The city acquired the land in August 2007 as part of the Cougar-Squak Mountains Wildlife Corridor project. The forested land is just east of Squak Mountain Loop Southwest in the Forest Rim neighborhood high on Squak Mountain. McCarry is a Forest Rim resident.

In addition to preserving wildlife habitat, the acquisition protected a piece of the Bullitt Fireplace Trail — a link to the state park from Mountainside Drive Southwest.

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Reggae group to jam outside for Concerts on the Green

August 22, 2011

NEW — 4:15 p.m. Aug. 22, 2011

The next Concert on the Green is from 7-8:30 p.m. Tuesday on the Issaquah Community Center lawn, 301 Rainier Blvd. S.

The night’s entertainment will showcase roots reggae performed by Clinton Fearon and Boogie Brown.

The concerts, presented by the Issaquah Parks & Recreation Department and the Issaquah Park Board, are free and open to the public. No alcohol or pets are allowed. This is the second last show of the summer.

The final event features Jr. Cadillac playing classic rock Aug. 30.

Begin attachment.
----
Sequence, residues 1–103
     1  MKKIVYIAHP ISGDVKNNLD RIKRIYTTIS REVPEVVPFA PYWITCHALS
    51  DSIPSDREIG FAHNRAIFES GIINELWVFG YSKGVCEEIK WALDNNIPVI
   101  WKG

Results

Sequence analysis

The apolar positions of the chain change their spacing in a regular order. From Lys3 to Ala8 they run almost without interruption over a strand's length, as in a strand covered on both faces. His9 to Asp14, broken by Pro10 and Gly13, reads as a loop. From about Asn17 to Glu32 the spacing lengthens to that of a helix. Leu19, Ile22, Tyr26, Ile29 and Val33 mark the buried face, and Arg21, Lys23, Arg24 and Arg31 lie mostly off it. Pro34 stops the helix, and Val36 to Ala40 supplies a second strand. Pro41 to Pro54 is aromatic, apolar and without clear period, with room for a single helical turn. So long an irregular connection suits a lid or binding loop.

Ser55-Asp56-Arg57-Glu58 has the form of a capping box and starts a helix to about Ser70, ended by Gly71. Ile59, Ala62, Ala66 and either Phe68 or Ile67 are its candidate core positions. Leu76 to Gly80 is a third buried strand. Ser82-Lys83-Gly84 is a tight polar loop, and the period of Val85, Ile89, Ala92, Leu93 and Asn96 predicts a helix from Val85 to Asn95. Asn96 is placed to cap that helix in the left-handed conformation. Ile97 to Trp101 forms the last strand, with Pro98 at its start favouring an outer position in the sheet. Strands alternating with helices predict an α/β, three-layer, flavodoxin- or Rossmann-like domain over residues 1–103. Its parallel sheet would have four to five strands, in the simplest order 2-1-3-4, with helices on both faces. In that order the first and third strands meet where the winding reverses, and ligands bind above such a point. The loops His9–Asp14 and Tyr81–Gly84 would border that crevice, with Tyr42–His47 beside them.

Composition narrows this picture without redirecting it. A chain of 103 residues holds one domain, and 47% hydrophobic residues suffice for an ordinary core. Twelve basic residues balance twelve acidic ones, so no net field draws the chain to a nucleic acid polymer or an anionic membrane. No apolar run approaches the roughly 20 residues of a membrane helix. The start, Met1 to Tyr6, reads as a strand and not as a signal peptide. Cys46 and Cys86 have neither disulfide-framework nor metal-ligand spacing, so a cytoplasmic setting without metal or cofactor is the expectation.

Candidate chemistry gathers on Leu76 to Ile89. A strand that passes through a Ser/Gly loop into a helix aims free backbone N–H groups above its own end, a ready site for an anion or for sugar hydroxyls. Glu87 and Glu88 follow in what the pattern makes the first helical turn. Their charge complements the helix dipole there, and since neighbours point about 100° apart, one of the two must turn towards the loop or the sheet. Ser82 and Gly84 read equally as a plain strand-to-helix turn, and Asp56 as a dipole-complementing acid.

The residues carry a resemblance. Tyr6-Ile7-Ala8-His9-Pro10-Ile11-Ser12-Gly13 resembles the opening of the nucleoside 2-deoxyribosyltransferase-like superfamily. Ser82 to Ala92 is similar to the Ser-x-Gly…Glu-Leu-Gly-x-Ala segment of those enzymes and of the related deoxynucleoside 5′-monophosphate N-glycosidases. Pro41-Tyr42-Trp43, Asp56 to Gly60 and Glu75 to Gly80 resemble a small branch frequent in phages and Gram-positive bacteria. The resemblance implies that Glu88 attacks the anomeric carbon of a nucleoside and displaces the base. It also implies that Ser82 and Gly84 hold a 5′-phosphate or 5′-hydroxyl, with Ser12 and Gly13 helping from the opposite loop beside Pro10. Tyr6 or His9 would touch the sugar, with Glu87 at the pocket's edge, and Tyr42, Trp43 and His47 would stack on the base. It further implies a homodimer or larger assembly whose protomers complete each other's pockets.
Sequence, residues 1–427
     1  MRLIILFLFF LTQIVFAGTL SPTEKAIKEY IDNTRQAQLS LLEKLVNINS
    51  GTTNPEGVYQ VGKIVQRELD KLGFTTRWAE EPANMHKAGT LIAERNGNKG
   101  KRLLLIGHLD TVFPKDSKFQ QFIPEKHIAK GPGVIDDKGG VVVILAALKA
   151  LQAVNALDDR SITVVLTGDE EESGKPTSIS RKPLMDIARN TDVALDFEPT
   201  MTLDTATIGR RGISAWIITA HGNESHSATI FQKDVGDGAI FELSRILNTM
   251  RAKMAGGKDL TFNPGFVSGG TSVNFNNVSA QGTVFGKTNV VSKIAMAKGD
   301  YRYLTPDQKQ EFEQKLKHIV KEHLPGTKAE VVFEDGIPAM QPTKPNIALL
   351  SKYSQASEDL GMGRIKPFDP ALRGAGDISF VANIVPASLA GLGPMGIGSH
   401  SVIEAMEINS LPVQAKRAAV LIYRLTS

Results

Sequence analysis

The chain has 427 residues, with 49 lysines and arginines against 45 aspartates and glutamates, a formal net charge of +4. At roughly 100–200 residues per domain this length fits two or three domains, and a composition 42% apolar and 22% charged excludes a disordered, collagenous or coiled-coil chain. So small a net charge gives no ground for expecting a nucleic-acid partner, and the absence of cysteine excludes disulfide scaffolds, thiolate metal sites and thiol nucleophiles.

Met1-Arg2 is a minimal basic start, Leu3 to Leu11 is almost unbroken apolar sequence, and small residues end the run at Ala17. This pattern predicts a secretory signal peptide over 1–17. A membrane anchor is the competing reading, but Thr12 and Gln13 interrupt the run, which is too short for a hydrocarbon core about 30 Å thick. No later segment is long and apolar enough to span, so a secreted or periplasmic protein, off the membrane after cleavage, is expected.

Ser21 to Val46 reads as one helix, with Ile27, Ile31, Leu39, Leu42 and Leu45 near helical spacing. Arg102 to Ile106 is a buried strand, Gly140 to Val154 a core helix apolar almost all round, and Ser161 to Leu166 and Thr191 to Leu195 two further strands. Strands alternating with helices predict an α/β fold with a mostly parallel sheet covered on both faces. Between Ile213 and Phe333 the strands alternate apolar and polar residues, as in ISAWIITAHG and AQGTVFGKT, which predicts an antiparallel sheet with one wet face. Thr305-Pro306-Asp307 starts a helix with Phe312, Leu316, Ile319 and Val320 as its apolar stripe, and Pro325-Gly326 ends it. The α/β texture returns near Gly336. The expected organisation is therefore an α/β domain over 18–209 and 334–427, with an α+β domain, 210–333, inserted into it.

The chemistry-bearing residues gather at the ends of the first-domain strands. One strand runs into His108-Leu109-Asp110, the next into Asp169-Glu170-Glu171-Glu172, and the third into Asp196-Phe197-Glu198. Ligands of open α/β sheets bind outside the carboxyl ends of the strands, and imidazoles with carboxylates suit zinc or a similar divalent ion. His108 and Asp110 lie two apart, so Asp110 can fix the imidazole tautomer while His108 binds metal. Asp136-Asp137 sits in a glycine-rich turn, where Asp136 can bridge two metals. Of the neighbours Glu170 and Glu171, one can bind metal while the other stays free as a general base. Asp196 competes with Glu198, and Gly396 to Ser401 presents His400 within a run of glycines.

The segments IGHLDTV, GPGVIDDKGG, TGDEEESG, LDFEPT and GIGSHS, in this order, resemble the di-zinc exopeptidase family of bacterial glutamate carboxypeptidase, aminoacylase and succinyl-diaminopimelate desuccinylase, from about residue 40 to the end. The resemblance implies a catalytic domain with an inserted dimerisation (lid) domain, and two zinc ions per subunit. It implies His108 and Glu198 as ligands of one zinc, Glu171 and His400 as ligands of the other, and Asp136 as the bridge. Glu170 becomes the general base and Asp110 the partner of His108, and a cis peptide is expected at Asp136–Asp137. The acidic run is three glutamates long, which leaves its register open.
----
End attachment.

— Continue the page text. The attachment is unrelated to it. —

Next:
Attorneys Lynn Moberly, the city prosecutor, and Wayne Tanaka, the city attorney, sponsored the reggae show.

Learn more about the Concerts on the Green at www.ci.issaquah.wa.us/parks or call 837-3300. Learn more about the act at www.clintonfearon.com.

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City renames forestland for former Councilwoman Maureen McCarry

August 18, 2011

NEW — 6 a.m. Aug. 18, 2011

City Council members recognized Maureen McCarry on Monday by renaming a forested tract on Squak Mountain for the former councilwoman.

The change renamed the 40-acre Issaquah 69 parcel as McCarry Woods. The designation recognizes McCarry’s efforts as a councilwoman to acquire and preserve a key wildlife habitat and trail access to Squak Mountain State Park.

The city acquired the land in August 2007 as part of the Cougar-Squak Mountains Wildlife Corridor project. The forested land is just east of Squak Mountain Loop Southwest in the Forest Rim neighborhood high on Squak Mountain. McCarry is a Forest Rim resident.